I am trying to calculate

$$\int_{|z-2| = 3} e^{1/z}$$

I parametric the circle of radius three centered at 2 by $\gamma(t) = 3e^{it} +2$ and so I can instead evaluate

$$\int_\gamma f(\gamma(t))\gamma'(t) = \int_0^{2\pi}\exp\left(\frac{1}{3\exp(i\theta)+2}\right)3i\exp(i\theta)$$ and I am stuck here because I do not know how to compute the antiderivate of this. This makes me think there must be an easier way to do this

I am aware that the integrand is not defined at $z = 0$ is this what is causing problems? Since $\gamma$ is a closed path can I just say that the integral is zero, or does the fact that the integrand is not defined at $0$ mean that it is not analytic and hence I can not use Cauchy's theorem?


2 Answers 2


You can apply the residue theorem here. Since$$e^{\frac1z}=1+\frac1z+\frac1{2z^2}+\cdots,$$you know that $\operatorname{res}_{z=0}\left(e^{\frac1z}\right)=1$. Therefore, your integral is equal to $2\pi i\times1=2\pi i$.

  • $\begingroup$ ah yes! Thank you, I had completely forgotten about the residue theorem. $\endgroup$
    – dc3726
    Dec 13, 2018 at 0:53
  • $\begingroup$ Jose Carlos Santos, may I ask what is that hat which appeared on your avatar? $\endgroup$
    – Mark
    Dec 13, 2018 at 0:54
  • 1
    $\begingroup$ It is called “The Merlin”. $\endgroup$ Dec 13, 2018 at 1:04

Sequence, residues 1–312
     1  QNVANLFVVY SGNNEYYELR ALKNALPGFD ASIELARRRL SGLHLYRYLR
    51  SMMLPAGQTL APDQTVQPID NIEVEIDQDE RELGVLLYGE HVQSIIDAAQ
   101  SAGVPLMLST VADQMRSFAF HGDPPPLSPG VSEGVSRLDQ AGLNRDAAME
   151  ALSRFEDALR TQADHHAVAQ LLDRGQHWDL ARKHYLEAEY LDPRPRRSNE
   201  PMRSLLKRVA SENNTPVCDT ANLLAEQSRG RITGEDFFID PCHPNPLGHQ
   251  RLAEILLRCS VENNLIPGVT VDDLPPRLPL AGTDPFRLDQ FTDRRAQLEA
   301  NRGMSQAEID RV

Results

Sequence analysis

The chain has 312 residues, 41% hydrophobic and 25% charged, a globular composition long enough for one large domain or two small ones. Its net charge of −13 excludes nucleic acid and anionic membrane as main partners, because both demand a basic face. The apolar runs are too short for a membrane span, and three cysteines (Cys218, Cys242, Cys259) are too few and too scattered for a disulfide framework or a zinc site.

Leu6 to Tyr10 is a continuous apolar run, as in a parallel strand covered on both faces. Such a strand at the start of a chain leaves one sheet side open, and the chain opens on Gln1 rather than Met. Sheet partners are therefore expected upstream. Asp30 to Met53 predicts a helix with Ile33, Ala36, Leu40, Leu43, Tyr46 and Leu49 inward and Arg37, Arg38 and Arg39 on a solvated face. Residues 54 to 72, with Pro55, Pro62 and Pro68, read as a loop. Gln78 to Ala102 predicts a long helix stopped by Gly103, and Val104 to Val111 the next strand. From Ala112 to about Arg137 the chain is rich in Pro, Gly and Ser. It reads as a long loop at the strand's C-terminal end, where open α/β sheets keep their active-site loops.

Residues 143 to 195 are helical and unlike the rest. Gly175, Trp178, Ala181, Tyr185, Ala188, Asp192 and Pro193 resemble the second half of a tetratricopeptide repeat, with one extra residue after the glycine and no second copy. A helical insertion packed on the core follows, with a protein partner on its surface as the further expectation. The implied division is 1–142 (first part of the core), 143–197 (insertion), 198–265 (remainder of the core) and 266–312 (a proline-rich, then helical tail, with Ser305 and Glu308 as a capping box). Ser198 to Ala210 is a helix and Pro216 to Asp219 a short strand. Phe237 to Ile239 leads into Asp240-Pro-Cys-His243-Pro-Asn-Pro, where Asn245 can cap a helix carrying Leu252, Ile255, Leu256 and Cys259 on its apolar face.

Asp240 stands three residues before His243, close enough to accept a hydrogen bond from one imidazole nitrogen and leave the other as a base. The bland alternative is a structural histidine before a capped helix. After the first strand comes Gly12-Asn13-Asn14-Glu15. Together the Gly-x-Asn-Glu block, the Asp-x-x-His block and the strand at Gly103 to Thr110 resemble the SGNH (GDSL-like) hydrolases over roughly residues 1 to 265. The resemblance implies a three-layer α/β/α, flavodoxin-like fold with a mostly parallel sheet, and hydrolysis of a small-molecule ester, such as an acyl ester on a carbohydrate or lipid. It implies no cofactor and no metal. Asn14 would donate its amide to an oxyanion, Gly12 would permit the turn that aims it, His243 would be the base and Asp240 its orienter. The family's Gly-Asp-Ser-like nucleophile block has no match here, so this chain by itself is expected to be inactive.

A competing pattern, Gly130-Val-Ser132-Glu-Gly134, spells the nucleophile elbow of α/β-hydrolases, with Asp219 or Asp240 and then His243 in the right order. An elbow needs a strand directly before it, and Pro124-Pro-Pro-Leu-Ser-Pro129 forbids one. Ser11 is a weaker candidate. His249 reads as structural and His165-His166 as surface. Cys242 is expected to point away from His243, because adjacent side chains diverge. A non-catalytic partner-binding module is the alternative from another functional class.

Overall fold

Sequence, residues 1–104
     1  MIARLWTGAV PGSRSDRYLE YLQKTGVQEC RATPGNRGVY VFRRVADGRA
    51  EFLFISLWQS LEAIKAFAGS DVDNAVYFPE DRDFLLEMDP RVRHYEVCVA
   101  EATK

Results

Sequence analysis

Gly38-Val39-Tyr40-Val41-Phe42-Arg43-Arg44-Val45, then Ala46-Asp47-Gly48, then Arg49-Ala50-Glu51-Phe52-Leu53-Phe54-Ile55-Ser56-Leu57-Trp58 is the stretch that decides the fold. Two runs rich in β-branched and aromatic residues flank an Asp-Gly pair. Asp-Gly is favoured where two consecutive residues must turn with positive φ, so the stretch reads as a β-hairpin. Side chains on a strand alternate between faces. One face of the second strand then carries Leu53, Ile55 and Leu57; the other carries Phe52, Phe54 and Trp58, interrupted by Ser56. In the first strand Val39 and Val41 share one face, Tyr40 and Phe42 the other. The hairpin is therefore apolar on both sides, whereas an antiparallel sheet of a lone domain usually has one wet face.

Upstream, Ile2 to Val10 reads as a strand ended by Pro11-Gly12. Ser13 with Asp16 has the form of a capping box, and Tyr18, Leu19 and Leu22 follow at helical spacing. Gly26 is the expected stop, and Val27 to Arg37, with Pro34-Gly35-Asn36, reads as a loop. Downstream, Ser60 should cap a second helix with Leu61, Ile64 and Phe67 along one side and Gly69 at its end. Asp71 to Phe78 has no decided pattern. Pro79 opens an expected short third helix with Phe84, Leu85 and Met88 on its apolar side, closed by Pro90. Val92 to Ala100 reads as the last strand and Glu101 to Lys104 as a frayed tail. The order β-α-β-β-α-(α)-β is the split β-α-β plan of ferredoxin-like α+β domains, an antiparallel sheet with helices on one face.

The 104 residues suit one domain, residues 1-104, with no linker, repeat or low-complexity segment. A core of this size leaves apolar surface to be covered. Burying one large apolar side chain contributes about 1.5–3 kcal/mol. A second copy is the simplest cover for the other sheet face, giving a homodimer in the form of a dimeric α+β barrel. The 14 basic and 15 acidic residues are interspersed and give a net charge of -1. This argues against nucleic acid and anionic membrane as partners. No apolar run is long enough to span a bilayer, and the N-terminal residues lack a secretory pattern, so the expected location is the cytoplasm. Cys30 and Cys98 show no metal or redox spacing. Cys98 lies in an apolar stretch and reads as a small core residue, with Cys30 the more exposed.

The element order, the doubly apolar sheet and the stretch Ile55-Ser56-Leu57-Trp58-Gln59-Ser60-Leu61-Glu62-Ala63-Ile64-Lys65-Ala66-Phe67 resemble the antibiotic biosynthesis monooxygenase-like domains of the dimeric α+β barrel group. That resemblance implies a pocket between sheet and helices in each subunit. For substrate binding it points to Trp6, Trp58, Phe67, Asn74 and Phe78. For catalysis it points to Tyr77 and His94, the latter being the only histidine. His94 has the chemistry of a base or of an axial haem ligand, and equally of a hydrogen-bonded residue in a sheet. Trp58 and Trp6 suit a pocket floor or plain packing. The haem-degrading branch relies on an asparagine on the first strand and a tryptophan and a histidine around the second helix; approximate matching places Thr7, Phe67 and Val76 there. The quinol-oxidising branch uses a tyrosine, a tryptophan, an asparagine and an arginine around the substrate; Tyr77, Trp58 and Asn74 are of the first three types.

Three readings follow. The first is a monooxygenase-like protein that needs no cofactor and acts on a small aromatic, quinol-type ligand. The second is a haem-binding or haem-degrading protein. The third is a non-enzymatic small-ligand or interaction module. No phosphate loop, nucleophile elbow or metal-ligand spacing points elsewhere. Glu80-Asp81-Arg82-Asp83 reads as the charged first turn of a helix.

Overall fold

I'm going to assume you aren't versed in the residue theorem yet. (Well, you implied that you were in a comment, so oh well. You can take this as an alternate answer, or this might be helpful to those in the future looking at this who aren't as well versed. As you will.)

Hint #1:

Since the integrand is not defined at $z=0$, and the contour encloses that singularity, you cannot use the Cauchy Integral Theorem, at least not immediately.

My recommendation would be to use the power series expansion of $e^z$ (plugging in $1/z$ for $z$). You can then express the integral by

$$\int_{|z-2|=3} e^{1/z}dz = \int_{|z-2|=3} \sum_{k=0}^\infty \frac{1}{k! \cdot z^k}= \sum_{k=0}^\infty \int_{|z-2|=3} \frac{1}{k! \cdot z^k}$$

You should find some pleasant surprises in that summation that simplify the process a bit.

Hint #2:

For any contour of positive orientation which is a circle of radius $r$ centered at the complex number $z_\star$, you can show

$$\int_{|z-z_\star|=r} \frac{1}{z^n} dz = \left\{\begin{matrix} 0 & \forall n \neq 1 \\ 2\pi i & n = 1 \end{matrix}\right.$$

  • $\begingroup$ Thank you, I appreciate this answer very much as well because its gives me another insight into how to solve similar problems! $\endgroup$
    – dc3726
    Dec 13, 2018 at 0:57

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